Elite racers don’t fail obstacles—at least not often. “I wasn’t prepared for the speed the ladies ran and got through the obstacles,” said Van Sickle, who has since become an age-group world champion.

“I also quickly realized the elite racers seldom fail obstacles.” Though if the weather gets slippery, it can become a little more hectic, noted Alyssa Hawley, third at the 2017 world championship.

The reason elite racers don’t fail obstacles is because they know how to get through them with the best technique, which they’ve perfected through lots of practice.

If you remember your very first Spartan, you might remember being slightly confused and not knowing how to do obstacles new to you. You can watch how other people do them, but in an elite heat everyone’s moving too fast.

Most of the obstacles are familiar to racers now, so you can learn them in advance. At the big races, Hawley will also look at the map released a few days beforehand to see what she’s up against. And when there’s something new, she’ll take advantage of the open house Spartan hosts a day or two beforehand to give racers a chance to see the new obstacles.

“Go to the open house and play around,” said Hawley. Moat will even go back out in an open heat, after he’s done racing, and see if he can go through an obstacle he struggled with a few times just to improve his technique.


But if you want to be prepared, Moat, Hawley, and Boone all agreed the biggest thing to work on is running. And do it on actual trails with actual obstacles.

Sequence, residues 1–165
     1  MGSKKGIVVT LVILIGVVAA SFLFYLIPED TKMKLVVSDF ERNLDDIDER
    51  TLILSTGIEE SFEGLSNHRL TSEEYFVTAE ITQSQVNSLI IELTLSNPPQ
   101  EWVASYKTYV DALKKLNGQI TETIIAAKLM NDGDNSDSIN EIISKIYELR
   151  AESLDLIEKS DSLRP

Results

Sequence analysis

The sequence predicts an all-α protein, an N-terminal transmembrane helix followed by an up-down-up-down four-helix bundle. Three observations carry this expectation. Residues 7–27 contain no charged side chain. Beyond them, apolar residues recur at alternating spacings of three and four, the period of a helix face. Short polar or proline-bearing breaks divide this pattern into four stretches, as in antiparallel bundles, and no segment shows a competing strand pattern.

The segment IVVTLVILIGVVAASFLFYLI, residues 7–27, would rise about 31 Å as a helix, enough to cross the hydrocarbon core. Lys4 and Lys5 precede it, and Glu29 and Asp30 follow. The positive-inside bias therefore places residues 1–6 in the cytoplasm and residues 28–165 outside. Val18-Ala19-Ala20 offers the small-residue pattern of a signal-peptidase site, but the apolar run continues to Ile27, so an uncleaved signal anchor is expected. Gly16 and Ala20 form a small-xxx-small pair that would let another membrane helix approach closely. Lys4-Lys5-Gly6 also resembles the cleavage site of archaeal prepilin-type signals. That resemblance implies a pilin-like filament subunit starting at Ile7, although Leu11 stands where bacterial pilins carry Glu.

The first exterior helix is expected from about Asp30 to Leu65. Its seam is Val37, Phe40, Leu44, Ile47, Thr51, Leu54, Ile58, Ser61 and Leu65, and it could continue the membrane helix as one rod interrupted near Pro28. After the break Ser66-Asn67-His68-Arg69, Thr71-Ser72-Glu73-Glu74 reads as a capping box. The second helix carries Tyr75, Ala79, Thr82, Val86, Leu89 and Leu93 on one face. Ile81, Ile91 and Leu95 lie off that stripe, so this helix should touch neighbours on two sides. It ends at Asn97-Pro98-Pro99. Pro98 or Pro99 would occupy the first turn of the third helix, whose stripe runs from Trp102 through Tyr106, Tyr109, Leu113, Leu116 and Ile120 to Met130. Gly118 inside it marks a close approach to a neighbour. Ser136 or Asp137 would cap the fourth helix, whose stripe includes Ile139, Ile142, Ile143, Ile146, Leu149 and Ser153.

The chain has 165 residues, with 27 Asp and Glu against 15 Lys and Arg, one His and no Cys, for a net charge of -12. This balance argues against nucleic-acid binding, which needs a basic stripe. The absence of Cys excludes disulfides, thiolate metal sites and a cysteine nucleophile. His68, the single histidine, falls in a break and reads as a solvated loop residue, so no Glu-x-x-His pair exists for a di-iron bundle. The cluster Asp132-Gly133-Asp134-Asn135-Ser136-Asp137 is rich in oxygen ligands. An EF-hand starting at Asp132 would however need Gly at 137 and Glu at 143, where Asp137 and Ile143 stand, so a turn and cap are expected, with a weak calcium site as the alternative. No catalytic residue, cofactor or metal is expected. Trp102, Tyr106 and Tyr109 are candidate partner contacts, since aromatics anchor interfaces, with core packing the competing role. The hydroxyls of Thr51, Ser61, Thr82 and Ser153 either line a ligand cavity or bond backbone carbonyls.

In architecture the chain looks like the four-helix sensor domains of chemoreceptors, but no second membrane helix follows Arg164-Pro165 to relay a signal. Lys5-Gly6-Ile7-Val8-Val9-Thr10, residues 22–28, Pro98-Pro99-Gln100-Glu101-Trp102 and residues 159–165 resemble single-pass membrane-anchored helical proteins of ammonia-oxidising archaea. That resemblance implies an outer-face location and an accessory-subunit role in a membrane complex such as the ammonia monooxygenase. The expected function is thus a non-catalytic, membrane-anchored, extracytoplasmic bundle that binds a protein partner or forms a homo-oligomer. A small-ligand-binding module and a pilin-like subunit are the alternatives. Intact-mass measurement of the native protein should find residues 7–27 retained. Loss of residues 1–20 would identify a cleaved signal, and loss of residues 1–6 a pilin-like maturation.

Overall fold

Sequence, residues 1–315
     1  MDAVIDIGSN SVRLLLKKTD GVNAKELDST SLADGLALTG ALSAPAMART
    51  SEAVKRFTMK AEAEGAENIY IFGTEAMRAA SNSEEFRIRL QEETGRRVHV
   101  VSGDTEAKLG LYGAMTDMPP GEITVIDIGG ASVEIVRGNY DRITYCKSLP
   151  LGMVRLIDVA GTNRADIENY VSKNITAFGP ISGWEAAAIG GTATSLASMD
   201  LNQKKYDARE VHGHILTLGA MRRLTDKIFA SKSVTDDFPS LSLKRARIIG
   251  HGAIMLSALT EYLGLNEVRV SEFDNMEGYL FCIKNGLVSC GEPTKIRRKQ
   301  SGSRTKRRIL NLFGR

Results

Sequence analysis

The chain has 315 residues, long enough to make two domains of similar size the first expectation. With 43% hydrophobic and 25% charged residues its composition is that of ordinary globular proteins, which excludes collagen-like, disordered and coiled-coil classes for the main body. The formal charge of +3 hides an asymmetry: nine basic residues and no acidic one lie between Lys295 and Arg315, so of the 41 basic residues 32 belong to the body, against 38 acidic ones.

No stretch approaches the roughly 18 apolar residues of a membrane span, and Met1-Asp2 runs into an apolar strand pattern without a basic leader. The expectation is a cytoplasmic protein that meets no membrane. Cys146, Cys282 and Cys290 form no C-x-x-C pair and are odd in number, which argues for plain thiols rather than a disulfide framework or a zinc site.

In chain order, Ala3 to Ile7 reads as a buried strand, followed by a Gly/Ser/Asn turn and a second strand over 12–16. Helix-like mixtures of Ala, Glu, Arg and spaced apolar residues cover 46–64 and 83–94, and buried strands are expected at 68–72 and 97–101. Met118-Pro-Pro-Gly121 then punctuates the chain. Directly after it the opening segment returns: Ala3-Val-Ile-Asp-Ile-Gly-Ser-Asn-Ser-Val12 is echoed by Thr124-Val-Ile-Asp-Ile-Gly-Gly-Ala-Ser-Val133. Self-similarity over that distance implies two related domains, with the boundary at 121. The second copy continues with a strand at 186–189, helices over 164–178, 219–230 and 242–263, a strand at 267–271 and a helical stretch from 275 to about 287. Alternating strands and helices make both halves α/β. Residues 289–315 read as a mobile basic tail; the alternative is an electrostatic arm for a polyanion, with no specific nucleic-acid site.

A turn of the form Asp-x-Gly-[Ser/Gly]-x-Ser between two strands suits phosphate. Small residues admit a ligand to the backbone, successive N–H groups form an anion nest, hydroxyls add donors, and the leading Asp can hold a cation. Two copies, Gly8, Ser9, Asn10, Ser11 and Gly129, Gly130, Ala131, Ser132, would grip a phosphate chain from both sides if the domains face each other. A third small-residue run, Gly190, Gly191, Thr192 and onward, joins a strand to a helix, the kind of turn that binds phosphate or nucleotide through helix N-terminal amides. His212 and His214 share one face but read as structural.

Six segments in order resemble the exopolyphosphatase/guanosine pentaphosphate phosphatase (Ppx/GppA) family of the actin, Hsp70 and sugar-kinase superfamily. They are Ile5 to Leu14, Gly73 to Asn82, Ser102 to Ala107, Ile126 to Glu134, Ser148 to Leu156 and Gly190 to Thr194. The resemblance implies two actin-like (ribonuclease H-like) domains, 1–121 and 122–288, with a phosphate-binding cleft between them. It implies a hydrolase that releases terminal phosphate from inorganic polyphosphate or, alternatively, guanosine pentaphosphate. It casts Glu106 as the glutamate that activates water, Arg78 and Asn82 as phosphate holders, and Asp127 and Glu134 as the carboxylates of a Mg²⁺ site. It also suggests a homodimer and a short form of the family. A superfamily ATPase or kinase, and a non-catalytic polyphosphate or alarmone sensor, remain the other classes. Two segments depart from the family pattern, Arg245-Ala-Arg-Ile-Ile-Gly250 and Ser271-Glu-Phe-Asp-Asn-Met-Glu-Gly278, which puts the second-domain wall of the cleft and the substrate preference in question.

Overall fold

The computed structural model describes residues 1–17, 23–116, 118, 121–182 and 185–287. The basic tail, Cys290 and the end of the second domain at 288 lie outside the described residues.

Moat will stop on his long trail runs and do some kind of hang or carry to mimic a race. While most people worry a lot about the specific obstacles, the majority of a 5- to 15-mile race is running, and the elite racers are all very, very good runners.

The next thing to focus on after running is grip strength, said Moat, and then heavy carries.

In the elite heats, they’ll often have heavier or longer bucket carries and double sandbags (instead of just one sandbag). “They’re killers,” he said—especially if you’re not prepared.

Expect the Unexpected

Be prepared. “The energy is just different,” said Hawley. That intensity can be a little surprising at first. If you’re used to races starting out with a jog, then the elite heat will seem a lot faster. “Everybody’s taking off like they’re going to win the race,” said Moat.

You can either go with it and see how you stack up, or you can race your own race and pace yourself for your first one.

At most races, the men’s elite heat goes off and then 15 minutes later the women follow, with another 15 minutes before the age-group or open heats start. It’s often the case that the men’s elite heat is four or five times the size of the women’s, said both Hawley and Boone, though the women’s heat can be stacked with a much higher proportion of top racers.

If it’s your first one, unless you’re some kind of prodigy, you’ll likely fail some obstacles and struggle to keep up. It’ll be hard, but it’ll be fun. “Expect that you could be humbled, and don’t let that turn you off,” said Boone.